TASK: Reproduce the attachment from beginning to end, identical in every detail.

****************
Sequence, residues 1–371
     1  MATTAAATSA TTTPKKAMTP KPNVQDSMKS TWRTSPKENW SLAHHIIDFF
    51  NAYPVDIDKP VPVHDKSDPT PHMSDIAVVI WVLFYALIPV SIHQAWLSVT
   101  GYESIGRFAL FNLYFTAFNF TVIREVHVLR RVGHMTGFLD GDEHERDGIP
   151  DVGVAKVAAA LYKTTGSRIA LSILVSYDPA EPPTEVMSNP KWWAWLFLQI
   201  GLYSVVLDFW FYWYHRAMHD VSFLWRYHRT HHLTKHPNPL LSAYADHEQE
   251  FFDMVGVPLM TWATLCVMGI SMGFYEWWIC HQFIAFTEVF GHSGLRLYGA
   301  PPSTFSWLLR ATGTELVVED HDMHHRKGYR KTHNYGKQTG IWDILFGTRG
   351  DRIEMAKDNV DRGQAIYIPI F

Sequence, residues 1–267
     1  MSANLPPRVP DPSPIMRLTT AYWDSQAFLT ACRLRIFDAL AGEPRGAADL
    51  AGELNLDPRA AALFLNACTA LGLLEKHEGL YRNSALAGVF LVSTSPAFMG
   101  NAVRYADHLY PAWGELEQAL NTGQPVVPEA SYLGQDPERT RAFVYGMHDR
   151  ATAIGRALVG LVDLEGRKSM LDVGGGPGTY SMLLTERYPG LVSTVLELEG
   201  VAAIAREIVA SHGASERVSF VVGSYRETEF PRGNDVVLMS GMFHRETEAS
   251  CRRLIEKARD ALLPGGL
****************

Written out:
Sequence, residues 1–371
     1  MATTAAATSA TTTPKKAMTP KPNVQDSMKS TWRTSPKENW SLAHHIIDFF
    51  NAYPVDIDKP VPVHDKSDPT PHMSDIAVVI WVLFYALIPV SIHQAWLSVT
   101  GYESIGRFAL FNLYFTAFNF TVIREVHVLR RVGHMTGFLD GDEHERDGIP
   151  DVGVAKVAAA LYKTTGSRIA LSILVSYDPA EPPTEVMSNP KWWAWLFLQI
   201  GLYSVVLDFW FYWYHRAMHD VSFLWRYHRT HHLTKHPNPL LSAYADHEQE
   251  FFDMVGVPLM TWATLCVMGI SMGFYEWWIC HQFIAFTEVF GHSGLRLYGA
   301  PPSTFSWLLR ATGTELVVED HDMHHRKGYR KTHNYGKQTG IWDILFGTRG
   351  DRIEMAKDNV DRGQAIYIPI F

Sequence, residues 1–267
     1  MSANLPPRVP DPSPIMRLTT AYWDSQAFLT ACRLRIFDAL AGEPRGAADL
    51  AGELNLDPRA AALFLNACTA LGLLEKHEGL YRNSALAGVF LVSTSPAFMG
   101  NAVRYADHLY PAWGELEQAL NTGQPVVPEA SYLGQDPERT RAFVYGMHDR
   151  ATAIGRALVG LVDLEGRKSM LDVGGGPGTY SMLLTERYPG LVSTVLELEG
   201  VAAIAREIVA SHGASERVSF VVGSYRETEF PRGNDVVLMS GMFHRETEAS
   251  CRRLIEKARD ALLPGGL